New York and Kentucky announced new programs on Friday aimed at improving access to mail-in ballots, as both states work to find ways to limit interaction at the polls during upcoming elections amid the Covid-19 pandemic.
On Friday, New York Gov. Andrew Cuomo and Kentucky Gov. Andy Beshear both signed executive orders mandating applications for absentee ballots be sent to all of their states’ voters — upon returning the applications to state officials, voters will receive ballots.
“I am issuing an Executive Order to ensure every New York voter automatically receives a postage-paid application for an absentee ballot because no New Yorker should have to choose between their health and their right to vote,” Cuomo said in a statement.
Kentucky’s plan does not include prepaid postage, but does require the state to create a website so voters can request ballots online. It also waives the requirement for absentee voters to notarize their ballot applications.
“While there will be significant education and work required, we are committed to making sure this election will be held in a safe manner while we are in this worldwide health pandemic,” Beshear said in a statement.
Both Kentucky’s and New York’s primary elections have been postponed to June 23 because of the coronavirus outbreak. New York’s was originally scheduled for April 28, and Kentucky’s for May 19.
New York has become the epicenter of the outbreak, with at least 271,000 confirmed Covid-19 cases as of April 25, and more than 16,000 deaths. Kentucky has nearly 3,800 cases, with 200 deaths.
The push for increased absentee voting in both states comes weeks after a primary election in Wisconsin on April 7 illustrated the risk of forcing people to stand in long lines during an infectious disease outbreak. That election led to at least 19 Wisconsin voters being diagnosed with Covid-19.
Hoping to avoid similar scenarios, other states — like Ohio — have begun making voting an entirely mail-in process. In some states that have not taken that step, certain specific jurisdictions, such as Florida’s Miami-Dade, Broward and Palm Beach counties — the last of which being where President Donald Trump is registered to vote — have also established their own plans to mail out absentee ballot request forms to all voters.
But such measures have faced political pushback, with many Republicans, including Trump, arguing that mail-in voting carries with it a risk of fraud. Voting experts have disputed these claims, finding voter fraud to be incredibly rare and noting that when it does happen, it does not privilege one party over another.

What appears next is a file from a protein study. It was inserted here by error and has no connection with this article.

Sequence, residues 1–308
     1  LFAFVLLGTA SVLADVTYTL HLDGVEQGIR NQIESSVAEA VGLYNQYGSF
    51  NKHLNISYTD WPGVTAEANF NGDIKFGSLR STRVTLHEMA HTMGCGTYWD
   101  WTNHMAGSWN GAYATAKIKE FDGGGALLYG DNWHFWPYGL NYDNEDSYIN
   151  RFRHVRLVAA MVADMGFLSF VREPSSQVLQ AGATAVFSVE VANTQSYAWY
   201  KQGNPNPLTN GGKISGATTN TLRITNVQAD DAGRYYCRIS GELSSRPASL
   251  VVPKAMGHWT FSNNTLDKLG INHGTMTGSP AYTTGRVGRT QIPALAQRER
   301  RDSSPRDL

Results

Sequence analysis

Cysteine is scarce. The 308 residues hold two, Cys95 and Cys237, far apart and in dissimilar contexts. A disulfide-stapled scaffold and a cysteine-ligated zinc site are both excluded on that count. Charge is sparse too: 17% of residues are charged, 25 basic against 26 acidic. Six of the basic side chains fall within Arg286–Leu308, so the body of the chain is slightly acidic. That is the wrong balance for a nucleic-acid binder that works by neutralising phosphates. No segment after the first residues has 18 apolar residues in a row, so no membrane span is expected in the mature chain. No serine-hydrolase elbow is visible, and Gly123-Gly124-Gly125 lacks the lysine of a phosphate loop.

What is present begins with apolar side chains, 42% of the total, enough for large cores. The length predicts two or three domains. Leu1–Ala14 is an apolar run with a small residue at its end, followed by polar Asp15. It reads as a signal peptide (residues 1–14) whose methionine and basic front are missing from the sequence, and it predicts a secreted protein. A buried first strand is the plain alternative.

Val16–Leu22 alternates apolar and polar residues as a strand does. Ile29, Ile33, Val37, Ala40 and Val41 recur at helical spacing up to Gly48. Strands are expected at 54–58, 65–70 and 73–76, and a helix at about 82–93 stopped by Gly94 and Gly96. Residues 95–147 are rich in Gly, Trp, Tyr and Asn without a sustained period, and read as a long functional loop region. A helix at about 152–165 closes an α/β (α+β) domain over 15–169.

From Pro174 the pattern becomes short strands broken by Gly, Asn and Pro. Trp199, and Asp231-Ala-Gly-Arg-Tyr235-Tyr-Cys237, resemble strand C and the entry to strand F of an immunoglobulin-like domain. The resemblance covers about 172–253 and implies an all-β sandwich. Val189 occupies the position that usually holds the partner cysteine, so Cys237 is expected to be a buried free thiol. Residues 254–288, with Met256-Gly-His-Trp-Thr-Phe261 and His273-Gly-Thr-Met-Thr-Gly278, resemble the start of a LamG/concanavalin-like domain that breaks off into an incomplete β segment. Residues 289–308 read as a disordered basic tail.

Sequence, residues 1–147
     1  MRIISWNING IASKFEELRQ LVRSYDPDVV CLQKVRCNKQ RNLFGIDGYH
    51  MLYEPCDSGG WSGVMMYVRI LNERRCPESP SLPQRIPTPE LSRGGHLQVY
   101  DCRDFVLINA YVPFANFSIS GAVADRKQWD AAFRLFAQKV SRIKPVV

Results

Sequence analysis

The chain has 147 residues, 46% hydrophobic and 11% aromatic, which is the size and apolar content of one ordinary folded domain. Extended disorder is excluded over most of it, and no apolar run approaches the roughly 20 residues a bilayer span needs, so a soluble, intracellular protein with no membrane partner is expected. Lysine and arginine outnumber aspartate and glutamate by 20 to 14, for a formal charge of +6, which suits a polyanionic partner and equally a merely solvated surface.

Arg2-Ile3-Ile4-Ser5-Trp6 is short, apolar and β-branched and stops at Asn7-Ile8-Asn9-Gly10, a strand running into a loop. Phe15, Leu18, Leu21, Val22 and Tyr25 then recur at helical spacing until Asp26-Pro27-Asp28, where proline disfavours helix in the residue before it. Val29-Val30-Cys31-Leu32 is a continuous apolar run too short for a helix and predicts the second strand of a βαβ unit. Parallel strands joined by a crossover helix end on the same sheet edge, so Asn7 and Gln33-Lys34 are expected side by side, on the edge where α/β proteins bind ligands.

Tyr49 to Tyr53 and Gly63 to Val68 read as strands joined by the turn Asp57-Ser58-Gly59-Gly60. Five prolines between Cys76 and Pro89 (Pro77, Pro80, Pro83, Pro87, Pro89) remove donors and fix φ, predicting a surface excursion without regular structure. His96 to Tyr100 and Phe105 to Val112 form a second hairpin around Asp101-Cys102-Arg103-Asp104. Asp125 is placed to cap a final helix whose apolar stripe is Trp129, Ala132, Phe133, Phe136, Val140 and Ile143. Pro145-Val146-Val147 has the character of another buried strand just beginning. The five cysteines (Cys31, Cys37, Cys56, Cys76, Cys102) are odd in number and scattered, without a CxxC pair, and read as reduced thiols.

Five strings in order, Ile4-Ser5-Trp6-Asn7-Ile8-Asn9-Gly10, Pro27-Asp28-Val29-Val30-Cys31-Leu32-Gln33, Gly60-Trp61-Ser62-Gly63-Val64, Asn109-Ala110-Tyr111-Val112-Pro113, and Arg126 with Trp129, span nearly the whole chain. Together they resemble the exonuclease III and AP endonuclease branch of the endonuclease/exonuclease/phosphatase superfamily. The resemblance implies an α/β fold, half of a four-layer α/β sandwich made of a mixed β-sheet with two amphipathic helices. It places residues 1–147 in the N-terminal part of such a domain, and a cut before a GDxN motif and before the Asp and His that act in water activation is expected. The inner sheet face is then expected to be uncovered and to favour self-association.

Scattershot efforts have some federal lawmakers calling for a national vote-by-mail system
Nationally, some lawmakers are working to expand mail-in voting for the long term. Sens. Ron Wyden (D-OR) and Amy Klobuchar (D-MN) plan to introduce an updated bill that will expand early and absentee voting, and mandate voting contingency plans for future emergencies like coronavirus.
As Vox’s Ella Nilsen has reported, 34 states allow all voters to vote by mail. The remaining 16 states require applicants to provide an excuse — such as serving in the military or living abroad — to request a mail-in ballot. (New York has such a requirement, which is functionally waived under Cuomo’s executive order.)
It remains to be seen how the coronavirus will affect November’s general election — and whether efforts to broaden the availability of vote-by-mail will come to fruition by then.
At a hearing on the subject on Wednesday, elections experts warned there may not be enough time to prepare for a nationwide mail-in election in November. States may not have the time or resources to acquire the envelopes, ballots, and scanning machines needed, Washington state Secretary of State Kim Wyman told Wednesday’s panel.
“With the impacts of Covid-19, I am very concerned that with only six months really to implement vote-by-mail or absentee voting in a jurisdiction, that it’s going to be a heavy lift,” she said. And she added that poorly implemented absentee voting structures could undermine faith in the election’s result.
On the state level, Ohio has seen the difficulties Wyman outlined. In March, its primary was postponed at the last minute, causing confusion. The state decided to move to an entirely mail-in process. Now, some voters may not receive ballots in time to vote, Ohio’s secretary of state has said. It’s a reminder for increasingly cash-strapped states — and for federal lawmakers hoping to create national vote-by-mail programs — that to ensure a smooth transition to mass mail-in-voting this fall, action must be taken now.
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